Is Business (Not IT) to Blame for Alignment Breakdown?
CIO coach and former CIO and CFO Susan Cramm has an eye-opening take on why IT and the business aren't truly aligned.
"IT has done pretty much everything they know how to do," Cramm writes. "Unless business leaders commit to forging a better partnership with IT, whatever IT is today, it will still be tomorrow."
There are plenty of obvious reasons why. For one, aligning strategies is absolutely necessary to drive successful performance. But above that, alignment is still a big priority because, overall, it's not getting done.
Cramm rightly asserts that CIOs need to spend a considerable amount of time outside their IT shops. As they're being charged with "doing more with less" -- cutting costs while boosting productivity -- their focus needs to be in collaborating with executives and business partners to identify needs and opportunities. In short, they need to get out of their offices and find out where IT can help.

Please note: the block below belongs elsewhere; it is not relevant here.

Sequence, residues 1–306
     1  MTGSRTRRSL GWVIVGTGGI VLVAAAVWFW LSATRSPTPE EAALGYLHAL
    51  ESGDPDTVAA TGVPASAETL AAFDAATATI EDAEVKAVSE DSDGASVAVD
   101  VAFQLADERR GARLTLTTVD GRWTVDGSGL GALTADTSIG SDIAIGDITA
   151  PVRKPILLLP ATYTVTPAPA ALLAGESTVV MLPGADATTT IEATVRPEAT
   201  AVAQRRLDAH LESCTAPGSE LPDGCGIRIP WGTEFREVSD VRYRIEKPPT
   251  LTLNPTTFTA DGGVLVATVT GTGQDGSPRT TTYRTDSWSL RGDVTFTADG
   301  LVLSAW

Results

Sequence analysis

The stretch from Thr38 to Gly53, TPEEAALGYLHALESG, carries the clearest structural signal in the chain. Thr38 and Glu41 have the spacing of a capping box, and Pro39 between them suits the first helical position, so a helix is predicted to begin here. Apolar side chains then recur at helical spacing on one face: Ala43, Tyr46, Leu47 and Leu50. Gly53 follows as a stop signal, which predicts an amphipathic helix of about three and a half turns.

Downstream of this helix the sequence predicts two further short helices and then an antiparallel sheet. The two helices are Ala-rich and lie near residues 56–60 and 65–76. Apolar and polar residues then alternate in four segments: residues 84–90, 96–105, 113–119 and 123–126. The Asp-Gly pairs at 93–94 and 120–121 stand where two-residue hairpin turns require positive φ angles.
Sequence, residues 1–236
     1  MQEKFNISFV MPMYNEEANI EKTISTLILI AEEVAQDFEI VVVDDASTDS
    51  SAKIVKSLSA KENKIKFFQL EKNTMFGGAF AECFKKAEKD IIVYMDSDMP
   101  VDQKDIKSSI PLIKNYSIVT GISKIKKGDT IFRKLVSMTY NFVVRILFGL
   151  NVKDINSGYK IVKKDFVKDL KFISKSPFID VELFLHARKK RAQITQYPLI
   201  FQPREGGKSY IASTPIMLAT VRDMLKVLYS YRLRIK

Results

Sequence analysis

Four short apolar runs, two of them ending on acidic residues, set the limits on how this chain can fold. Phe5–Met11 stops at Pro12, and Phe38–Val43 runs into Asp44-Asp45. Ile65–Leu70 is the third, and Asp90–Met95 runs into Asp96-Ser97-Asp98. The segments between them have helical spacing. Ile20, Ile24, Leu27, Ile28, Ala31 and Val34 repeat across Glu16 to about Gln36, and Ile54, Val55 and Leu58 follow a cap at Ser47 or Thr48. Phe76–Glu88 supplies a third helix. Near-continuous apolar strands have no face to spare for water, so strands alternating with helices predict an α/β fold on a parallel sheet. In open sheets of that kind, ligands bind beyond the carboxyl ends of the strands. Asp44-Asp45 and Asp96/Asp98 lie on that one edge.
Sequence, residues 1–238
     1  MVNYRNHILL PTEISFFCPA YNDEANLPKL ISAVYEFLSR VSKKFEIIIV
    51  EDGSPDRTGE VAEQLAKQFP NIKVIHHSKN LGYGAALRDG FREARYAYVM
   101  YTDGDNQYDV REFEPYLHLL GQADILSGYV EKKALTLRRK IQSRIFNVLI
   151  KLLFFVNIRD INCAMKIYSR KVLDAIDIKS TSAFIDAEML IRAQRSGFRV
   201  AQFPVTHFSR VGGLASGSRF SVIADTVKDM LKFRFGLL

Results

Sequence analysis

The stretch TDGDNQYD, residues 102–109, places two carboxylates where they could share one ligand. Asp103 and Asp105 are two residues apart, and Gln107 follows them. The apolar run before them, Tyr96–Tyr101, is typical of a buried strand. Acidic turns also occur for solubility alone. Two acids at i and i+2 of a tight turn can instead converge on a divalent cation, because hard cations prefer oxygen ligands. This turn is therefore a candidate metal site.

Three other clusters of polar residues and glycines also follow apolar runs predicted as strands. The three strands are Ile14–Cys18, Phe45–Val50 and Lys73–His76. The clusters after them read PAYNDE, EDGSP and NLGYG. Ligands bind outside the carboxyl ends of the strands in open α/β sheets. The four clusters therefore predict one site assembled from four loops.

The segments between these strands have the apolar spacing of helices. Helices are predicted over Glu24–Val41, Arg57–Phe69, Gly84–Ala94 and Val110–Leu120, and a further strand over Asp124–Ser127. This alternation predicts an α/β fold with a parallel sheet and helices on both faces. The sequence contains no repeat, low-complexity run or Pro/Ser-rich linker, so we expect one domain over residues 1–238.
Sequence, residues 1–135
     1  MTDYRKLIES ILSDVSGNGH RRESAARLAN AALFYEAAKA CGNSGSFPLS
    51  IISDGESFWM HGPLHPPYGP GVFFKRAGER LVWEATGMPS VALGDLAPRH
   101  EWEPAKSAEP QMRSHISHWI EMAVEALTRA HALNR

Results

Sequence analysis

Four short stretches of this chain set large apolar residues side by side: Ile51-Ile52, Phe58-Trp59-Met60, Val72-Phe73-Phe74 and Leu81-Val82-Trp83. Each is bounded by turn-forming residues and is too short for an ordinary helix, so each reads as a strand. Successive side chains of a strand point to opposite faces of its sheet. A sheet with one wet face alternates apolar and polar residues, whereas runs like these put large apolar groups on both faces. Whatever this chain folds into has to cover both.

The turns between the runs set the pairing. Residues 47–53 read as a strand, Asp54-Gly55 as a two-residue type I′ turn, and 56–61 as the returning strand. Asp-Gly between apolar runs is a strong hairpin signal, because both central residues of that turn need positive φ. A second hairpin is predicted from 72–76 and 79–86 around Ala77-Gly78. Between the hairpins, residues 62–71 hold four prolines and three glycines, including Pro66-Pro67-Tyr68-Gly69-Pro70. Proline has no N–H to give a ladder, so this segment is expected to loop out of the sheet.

It's a tough task. In these trying times, it's common for leaders to retrench into what they know and, in IT's case, focus on keeping the lights on. But as so many prominent IT leaders have told us, that's exactly what they can't do right now. (Just ask Kimberly-Clark's Ramon Baez, Microsoft's Tony Scott, Chubb's Jim Knight or BB&T's Paul Johnson.)
Granted, they're not pointing the finger at the business. But it's easy for many CIOs to do so. In an age where few companies have a solid cadre of IT-savvy business execs, CIOs have an even harder job ahead.
Cramm developed a survey to take the temperature of how business and IT interact. It's worth checking out.
On top of that, stay tuned to CIOInsight.com for more this issue, including an upcoming package on why IT-business alignment has largely faltered.